In This Article Expand or collapse the "in this article" section Stable Isotopes

  • Introduction
  • Definition
  • Standards and Notation
  • General Overviews
  • Historical Background
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  • Diagenesis

Anthropology Stable Isotopes
Eric Bartelink
  • LAST REVIEWED: 15 January 2020
  • LAST MODIFIED: 15 January 2020
  • DOI: 10.1093/obo/9780199766567-0153


Stable isotope analysis refers broadly to a series of chemical methods used to study phenomena such as earth systems, the hydrological cycle, and ecology. The use of stable isotopes in anthropology traces its beginnings to the late 1970s. Originally focused on geological, hydrological, and ecological problems, stable isotope analysis now is a major component of the anthropologist’s toolkit. Current applications within anthropology draw from the core scientific disciplines but adapt these methods for specific research questions within archaeology, bioarchaeology, paleoanthropology, and forensic anthropology. One major area of study is dietary reconstruction, which focuses on isotope analysis of human skeletons to examine temporal and regional dietary patterns, as well as variation associated with sex, age, mortuary patterns, and social status. More specialized approaches examine weaning and childhood diet patterns using serial sections of tooth enamel and dentin. Another major area of isotope research in anthropology is the study of past residence patterns (e.g., migration and mobility). Some stable isotopes record information about the local water and geology, and thus provide information regarding the place of origin or travel history of an individual. By examining multiple isotopes in different tissues, anthropologists can reconstruct changes in residence patterns. For example, isotopes in enamel bioapatite (mineral fraction) do not change throughout life, so teeth provide a record of where a person lived when a particular tooth formed. Bone collagen (organic fraction) and bioapatite (mineral fraction), in contrast, are constantly replaced through remodeling; thus, if a person moved to a new geographic region, the isotope values in their bones will shift toward the new location over time. By comparing the isotopes in teeth versus bones, anthropologists can detect whether a person was local or nonlocal to the area where they died. In instances where hair or nails are preserved (e.g., mummies, modern forensic cases), serial sections of these tissues can be used to provide a detailed record of diet or travel history in the months prior to death. More recently, forensic anthropologists have begun to examine stable isotopes in modern human remains to aid with medicolegal identification. These methods are especially useful when a decedent is nonlocal to the area where they died (for example, a recent traveler or foreign-born individual).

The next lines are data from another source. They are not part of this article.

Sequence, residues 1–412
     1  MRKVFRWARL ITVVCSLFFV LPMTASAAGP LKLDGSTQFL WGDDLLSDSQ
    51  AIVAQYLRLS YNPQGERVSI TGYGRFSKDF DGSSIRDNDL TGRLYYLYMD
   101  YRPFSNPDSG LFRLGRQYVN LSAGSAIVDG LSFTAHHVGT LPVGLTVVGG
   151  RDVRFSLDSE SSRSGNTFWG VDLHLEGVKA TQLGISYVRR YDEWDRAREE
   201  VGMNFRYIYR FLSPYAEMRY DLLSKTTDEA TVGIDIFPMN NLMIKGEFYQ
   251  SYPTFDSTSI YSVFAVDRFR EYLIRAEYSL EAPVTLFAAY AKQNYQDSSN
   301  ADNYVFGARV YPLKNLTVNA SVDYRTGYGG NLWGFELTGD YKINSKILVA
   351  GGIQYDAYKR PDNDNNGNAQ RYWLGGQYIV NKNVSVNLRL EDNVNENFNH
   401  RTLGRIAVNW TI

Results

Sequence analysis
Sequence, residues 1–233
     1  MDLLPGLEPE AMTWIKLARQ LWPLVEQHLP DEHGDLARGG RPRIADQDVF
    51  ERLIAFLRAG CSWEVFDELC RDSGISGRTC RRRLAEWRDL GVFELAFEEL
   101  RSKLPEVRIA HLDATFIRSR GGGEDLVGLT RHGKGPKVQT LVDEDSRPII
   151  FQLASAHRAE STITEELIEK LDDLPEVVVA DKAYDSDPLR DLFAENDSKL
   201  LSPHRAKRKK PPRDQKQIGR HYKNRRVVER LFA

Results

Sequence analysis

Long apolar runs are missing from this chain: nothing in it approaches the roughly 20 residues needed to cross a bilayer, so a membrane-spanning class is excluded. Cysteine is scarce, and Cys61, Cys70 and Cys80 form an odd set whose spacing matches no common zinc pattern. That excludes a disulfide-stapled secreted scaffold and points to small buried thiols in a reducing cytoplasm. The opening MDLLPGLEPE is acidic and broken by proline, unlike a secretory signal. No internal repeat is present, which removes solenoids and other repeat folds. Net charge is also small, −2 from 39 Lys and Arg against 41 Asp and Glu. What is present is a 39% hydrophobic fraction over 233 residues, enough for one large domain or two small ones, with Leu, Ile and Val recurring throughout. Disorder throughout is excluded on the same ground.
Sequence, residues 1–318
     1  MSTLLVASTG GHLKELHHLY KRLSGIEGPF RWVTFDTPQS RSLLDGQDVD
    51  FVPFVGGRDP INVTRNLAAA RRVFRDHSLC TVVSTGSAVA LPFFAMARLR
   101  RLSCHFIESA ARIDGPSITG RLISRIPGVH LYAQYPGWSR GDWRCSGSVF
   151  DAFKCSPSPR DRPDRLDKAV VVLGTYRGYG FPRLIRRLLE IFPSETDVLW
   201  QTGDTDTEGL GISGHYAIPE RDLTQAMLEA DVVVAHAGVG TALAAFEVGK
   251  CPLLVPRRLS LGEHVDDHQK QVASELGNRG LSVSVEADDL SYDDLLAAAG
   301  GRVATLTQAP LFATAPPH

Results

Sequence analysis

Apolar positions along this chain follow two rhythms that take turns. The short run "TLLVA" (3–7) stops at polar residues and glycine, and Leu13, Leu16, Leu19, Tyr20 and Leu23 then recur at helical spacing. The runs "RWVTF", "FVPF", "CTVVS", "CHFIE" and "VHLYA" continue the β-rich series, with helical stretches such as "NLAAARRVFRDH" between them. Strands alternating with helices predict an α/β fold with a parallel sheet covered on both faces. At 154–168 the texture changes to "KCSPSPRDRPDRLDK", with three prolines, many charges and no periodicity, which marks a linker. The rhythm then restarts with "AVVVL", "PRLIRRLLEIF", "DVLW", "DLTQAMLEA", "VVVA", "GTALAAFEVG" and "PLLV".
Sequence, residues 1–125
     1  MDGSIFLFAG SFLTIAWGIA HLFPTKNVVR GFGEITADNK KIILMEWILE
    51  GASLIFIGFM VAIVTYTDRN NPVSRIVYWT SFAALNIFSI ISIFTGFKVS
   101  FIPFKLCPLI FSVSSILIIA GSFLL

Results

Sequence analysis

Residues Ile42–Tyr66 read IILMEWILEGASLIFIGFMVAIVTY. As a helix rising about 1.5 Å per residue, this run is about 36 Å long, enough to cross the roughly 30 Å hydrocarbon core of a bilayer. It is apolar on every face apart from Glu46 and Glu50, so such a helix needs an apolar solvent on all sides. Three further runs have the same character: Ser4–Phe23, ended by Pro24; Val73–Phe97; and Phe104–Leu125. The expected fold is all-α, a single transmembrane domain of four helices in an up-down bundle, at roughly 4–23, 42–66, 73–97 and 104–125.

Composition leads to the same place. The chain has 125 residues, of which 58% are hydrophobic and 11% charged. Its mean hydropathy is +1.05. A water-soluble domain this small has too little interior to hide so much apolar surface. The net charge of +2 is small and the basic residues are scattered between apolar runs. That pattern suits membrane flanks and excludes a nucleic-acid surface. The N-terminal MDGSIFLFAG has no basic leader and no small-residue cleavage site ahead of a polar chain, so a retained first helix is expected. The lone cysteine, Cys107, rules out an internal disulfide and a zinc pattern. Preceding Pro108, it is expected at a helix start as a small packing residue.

Stables isotopes are forms of the same element that have the same number of protons and electrons but a different number of neutrons in the atom’s nucleus. Isotopes exist in both stable and unstable (radioactive) forms. Stable isotopes of the same element (e.g., 13C and 12C) have different atomic weights and therefore travel at slightly different rates in chemical reactions. In instances where a reaction is incomplete (e.g., photosynthesis), the product will show differential incorporation of the heavy and light isotopes relative to the substrate, a process known as isotopic fractionation. Fractionation results in the enrichment of one isotope relative to another isotope in physical and chemical reactions. This process is what creates variation in stable isotope ratios in nature. Stable isotopes are incorporated into body tissues, such as bones, teeth, hair, and nails, through consumed foods and imbibed water and do not change over time. Michener and Lajtha 2008 provides a useful overview of the basic definitions and processes involved with stable isotope analysis.

  • Michener, Robert H., and Kate Lajtha. 2008. Stable isotopes in ecology and environmental science. 2d ed. Malden, MA: Blackwell.

    Provides basic terminology and a discussion of general processes involved in the study of stable isotopes in nature.

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